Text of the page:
First-year Case Western Reserve University cognitive science major Satya Moolani has been putting his studies to work as director of community engagement for Create Circles, a fledgling non-profit organization dedicated to engaging older adults and promoting brain health through meaningful conversation and activities. The organization was started by his brother, Harsh Moolani, to address some of the larger challenges for older adults such as social isolation, negative aging and living without a sense of purpose.
While these challenges are not new for many elderly adults, the recent bans on non-essential visitors to nursing homes due to COVID-19 has made the situation even more dire and the need for volunteer organizations like Create Circles even greater, Moolani said.
According to the National Institute on Aging, research has linked social isolation and loneliness to higher risks of a variety of social and mental conditions, including cognitive decline. “Our program will work to keep these seniors engaged and to prevent social isolation. We are reaching out to any students that would be interested in this program while they are at home.”
More than 120 volunteers from across the country have signed up to date. “We are growing all across the U.S. with students in many universities,” he said.
Students can learn how to start virtual visits via a website that links volunteers with older adults. Through a training video, volunteers learn tips and techniques to help elderly individuals feel valued and validated. Volunteers learn why it’s important to speak loudly and clearly, provide undivided attention, allow time for older adults to think before articulating and help them know their thoughts and ideas matter.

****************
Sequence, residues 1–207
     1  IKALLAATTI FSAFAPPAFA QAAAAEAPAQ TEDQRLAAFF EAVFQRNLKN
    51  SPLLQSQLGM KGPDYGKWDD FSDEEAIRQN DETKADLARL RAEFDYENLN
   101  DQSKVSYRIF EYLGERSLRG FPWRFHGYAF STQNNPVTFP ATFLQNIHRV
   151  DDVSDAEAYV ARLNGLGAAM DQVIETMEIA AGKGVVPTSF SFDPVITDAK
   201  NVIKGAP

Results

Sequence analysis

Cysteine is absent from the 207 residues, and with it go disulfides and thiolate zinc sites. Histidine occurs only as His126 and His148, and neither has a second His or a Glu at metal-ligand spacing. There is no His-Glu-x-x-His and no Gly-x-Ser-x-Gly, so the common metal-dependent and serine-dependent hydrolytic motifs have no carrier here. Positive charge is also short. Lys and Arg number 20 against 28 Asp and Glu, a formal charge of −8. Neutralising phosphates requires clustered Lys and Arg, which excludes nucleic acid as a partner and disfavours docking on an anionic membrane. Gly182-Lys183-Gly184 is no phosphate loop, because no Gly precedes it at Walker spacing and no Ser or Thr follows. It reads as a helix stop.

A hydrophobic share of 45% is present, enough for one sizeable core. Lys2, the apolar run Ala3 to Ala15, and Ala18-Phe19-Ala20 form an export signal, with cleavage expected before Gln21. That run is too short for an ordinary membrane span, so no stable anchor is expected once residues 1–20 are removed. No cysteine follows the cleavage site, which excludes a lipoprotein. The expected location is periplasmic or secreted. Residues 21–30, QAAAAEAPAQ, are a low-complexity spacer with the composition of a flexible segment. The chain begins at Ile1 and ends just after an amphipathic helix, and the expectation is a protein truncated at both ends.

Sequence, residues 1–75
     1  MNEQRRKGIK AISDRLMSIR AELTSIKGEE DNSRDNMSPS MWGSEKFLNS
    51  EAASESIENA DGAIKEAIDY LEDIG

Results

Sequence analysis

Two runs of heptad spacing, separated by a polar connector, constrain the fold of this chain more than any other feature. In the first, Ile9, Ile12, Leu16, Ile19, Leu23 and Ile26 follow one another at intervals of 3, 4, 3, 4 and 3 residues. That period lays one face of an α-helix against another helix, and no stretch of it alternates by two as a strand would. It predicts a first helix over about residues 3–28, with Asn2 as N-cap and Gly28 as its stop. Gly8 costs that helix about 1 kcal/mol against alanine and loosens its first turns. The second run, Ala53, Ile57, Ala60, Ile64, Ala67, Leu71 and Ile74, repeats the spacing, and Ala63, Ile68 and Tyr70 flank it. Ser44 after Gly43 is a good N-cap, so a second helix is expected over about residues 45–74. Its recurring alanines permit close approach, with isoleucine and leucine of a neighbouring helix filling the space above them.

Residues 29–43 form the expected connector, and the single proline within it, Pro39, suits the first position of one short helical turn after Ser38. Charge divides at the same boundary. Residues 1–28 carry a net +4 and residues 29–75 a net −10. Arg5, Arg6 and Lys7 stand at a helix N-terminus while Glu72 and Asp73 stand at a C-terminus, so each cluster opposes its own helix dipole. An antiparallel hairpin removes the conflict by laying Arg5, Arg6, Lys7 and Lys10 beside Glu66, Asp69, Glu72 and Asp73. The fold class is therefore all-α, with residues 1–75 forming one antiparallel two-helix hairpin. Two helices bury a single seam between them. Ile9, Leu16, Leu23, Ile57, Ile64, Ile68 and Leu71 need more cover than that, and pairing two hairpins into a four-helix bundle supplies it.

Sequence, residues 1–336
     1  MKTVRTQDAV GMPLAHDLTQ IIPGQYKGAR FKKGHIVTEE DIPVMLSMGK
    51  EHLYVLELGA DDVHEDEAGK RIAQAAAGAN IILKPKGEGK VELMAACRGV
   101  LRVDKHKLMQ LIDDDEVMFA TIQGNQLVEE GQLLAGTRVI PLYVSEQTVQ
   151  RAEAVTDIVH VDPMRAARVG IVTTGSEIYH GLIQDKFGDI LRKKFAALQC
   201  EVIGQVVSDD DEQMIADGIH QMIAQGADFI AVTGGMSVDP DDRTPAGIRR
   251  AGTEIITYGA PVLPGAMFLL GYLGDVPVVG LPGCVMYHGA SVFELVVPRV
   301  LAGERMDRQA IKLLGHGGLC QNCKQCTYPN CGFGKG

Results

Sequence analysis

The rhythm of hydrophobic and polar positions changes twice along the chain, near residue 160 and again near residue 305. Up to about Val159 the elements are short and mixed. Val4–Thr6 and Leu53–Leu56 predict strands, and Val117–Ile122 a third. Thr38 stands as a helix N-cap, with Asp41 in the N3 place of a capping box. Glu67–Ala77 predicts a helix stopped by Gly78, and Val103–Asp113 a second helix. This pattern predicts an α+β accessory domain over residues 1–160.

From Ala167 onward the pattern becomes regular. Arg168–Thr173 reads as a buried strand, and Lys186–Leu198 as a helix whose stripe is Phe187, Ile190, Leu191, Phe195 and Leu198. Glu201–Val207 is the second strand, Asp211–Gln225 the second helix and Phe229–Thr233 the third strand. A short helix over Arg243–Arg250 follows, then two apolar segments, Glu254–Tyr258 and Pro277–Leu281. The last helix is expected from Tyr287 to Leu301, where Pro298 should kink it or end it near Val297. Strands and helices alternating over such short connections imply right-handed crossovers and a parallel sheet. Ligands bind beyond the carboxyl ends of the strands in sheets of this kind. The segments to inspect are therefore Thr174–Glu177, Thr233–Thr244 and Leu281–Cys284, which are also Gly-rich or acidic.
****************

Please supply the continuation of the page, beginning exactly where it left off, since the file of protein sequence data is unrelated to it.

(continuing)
Moolani also helped create a Kickstarter campaign for Create Circles called Engage: A Workbook for Seniors to Strengthen Their Minds. This eight-week workbook provides a daily way for older adults to stay mentally active. The journal includes topics designed to prompt memories, discussion and reflection such as music, school days, loved ones, family, pets, books and more.
On the pre-med track, Moolani hopes to grow Create Circles’ presence in Cleveland. His interest was piqued by the stories his brother would share about nursing home visits.
“He would say that individuals in these facilities were lonely, bored and scared,” Moolani said. “The staff at the facilities regarded them as anti-social, but when he sat down and started asking them about their stories, their voices and emotions jumped. Story after story, I realized and saw how our society stigmatized their aging experience and pushed them into the margins. But when he asked them for their advice, they began to feel valued and validated.”